top of page
  • brad1469

The Emotions of Retirement and Money

Updated: Apr 23

Emotions impact your spending

Do emotions control aspects of your money habits? Even if we don’t like to admit it, our spending and saving habits are influenced by our emotions. We all probably like to think that we are reasonable when it comes to money, but… Reason often has little to do with it.

Perhaps you have engaged in some retail therapy. Ever bought something you didn’t need because it made you feel good? Lifted your spirits. Maybe you tried on a dress, or a pair of shoes, that was out of your price range but looked so good on, that you couldn’t resist. Just wearing your new item was enough to make you feel better about yourself.

Maybe you’ve played keeping up with the JONES’. For instance, did you need a new cell phone last time you upgraded, or did you purchase it because all your friends had one? Maybe you got a swimming pool because your neighbor did. Or, did you copy your co-worker’s vacation, because they had such a good time on it?

You might have even made some impulse purchases. You went to Best Buy for a memory card but walked out with a new camera. It happens. The euphoria of a purchase, of a “good deal,” is intoxicating.

If emotions affect our everyday spending habits so much, what happens to your emotions with money when you retire?

The ultimate upheaval

Retirement is typically thought of as a time to celebrate. People ask questions like when is the right time, do you have enough money, and how to make that money last. Many are excited and anxious about the change. But the emotions around the transition and the enormous challenge it can be is often overlooked.

Retirement might feel like a change in your identity. People often question their self-worth. Believe it or not, retirement triggers its own grief process. Grief is a normal emotion when facing retirement. It’s as if you are mourning the death of your working life. (Source: No Longer Awkward by Amy Florian) While you may be happy about no longer having to work, you might also feel rudderless, which can be disconcerting.

Now, think about this—retirement is an emotion-filled process that might send you reeling all on its own…and you still have to figure out how to manage your money.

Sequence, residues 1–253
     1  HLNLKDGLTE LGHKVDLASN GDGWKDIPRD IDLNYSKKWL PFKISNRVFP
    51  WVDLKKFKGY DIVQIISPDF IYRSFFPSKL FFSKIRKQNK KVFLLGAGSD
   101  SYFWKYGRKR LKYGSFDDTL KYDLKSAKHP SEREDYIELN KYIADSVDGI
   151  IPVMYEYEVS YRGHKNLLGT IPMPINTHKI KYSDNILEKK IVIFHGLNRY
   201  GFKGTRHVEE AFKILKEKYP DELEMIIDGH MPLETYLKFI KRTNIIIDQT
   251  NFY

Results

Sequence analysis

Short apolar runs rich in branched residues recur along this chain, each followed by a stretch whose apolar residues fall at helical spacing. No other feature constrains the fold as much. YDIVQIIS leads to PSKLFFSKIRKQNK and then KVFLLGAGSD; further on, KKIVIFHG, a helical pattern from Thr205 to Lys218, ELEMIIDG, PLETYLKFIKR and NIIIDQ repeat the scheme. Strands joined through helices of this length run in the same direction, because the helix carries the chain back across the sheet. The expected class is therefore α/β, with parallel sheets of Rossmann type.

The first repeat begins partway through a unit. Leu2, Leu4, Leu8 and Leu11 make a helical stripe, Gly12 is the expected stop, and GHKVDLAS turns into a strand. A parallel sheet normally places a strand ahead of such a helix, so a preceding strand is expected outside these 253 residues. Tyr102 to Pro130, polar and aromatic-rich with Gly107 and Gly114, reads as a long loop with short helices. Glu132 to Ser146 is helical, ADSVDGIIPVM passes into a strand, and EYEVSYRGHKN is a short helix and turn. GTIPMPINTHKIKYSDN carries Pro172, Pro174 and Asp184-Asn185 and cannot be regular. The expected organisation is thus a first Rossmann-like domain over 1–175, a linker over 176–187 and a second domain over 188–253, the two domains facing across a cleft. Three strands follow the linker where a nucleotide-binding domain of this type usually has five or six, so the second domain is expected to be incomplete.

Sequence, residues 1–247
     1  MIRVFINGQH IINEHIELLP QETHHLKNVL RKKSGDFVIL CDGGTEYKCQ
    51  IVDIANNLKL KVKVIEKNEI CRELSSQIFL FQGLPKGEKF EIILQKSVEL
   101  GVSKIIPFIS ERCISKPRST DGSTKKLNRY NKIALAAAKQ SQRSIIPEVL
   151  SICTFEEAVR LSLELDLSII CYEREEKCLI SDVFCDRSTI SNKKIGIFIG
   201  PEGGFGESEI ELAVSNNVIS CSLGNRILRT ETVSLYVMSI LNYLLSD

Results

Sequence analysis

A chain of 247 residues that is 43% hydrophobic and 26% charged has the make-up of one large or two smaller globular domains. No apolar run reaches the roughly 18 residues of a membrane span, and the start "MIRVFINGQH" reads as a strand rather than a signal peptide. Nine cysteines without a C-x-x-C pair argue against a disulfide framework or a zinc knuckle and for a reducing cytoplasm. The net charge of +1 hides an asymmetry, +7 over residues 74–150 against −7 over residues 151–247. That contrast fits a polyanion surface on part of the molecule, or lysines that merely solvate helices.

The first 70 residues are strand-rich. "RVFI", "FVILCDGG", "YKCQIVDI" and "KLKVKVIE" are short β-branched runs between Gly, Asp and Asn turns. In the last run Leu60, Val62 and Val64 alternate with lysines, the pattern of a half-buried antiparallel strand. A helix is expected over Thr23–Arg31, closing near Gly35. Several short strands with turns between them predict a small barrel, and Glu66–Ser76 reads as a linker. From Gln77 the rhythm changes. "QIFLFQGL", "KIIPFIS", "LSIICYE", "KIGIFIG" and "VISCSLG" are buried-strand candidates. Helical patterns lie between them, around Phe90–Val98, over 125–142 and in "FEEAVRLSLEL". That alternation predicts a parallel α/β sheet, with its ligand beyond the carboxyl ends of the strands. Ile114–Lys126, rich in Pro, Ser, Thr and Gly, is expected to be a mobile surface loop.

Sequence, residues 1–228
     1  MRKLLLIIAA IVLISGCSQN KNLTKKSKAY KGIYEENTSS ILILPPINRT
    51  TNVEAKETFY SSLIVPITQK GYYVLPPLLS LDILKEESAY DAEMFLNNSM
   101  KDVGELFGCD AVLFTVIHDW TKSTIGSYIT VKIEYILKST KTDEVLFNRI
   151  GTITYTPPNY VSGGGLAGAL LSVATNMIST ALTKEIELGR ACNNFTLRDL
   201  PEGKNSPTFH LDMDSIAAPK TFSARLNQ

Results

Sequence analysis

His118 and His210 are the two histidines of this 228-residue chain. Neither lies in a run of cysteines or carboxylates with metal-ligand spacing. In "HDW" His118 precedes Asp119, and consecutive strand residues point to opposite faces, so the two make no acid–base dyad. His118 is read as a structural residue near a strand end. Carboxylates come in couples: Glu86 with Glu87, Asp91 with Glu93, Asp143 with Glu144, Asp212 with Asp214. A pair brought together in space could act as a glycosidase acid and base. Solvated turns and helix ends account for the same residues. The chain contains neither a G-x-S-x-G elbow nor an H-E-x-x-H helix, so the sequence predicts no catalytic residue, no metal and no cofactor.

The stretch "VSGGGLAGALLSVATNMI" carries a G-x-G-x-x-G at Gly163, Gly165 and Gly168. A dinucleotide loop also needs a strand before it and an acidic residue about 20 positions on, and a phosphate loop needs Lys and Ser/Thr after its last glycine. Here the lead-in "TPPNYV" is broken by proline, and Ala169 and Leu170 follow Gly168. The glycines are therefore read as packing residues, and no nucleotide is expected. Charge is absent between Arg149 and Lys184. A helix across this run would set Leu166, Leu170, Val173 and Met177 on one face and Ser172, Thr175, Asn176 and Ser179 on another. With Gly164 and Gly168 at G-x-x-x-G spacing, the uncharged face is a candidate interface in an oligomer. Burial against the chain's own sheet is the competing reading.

Talk about overwhelming.

Now what?

Your money is likely all in one (or a few) buckets. Lumps sums that are larger than you have ever seen at one time, in one place. More than you’ve made in any one year of your life, all at once. That can trigger fear and other emotions.

You have to figure out how to get your hands on that money. Make cashflow, that will mimic your years of paychecks, from it. Deduct taxes. Invest it appropriately to keep up with inflation. Make it last through the end of your lifetime. And then you have to decide, do you want to leave your family and friends a legacy, give to charity, etc.

Your expenses are also likely to increase in retirement. Get more complex. Just the aspect of health care alone. Which Medicare supplement do you need, what Part D plan fits you? And then comes the expected changes in health as you age, which typically mean more medications and care.

There’s probably no special “emergency fund” for when your furnace goes out or the tree that falls through your roof. Unless you decide to go back to work in some capacity, you will never again be adding to your bucket.

You’ve trained yourself, up to this point, to save. For many, retirement saving wasn’t something you thought much about. Perhaps your boss handed you a packet and application after your probationary period, and you signed up because it was something you were supposed to do. It was easy.

You socked that money away on autopilot. The 401(K) retirement "plan" had its choices; you might have looked at a balance a few times a year, but how much did you really think about it? Retirement can be a significant change.

You were on cruise control, autopilot. Then suddenly your hands are on the wheel, your foot on the pedals, and all the decisions are yours.

Now, in retirement, you have to go against what you’ve trained yourself to do all these years. You have to start spending that nest egg you’ve spent a lifetime building. You have to take from that large balance that you’ve grown through years of working. It may feel wrong like you’re going against what you should. And, you have to do your spending consciously, making sure you understand the impact of your decisions.

A dream vacation is fun, but if it takes an entire month of your budgeted retirement cashflow, is it worth it? You are going to have the biggest, longest-view budgeting task of your life, making that money last your entire lifetime.

Wouldn’t it be easier with a little help? A financial planner can help you decide how much you can spend, and identify your priorities to make choices easier. And an asset manager can help you invest your dollars to match those goals and priorities. Whether you're intimidated, or just don't want to do it yourself,

0 views0 comments


bottom of page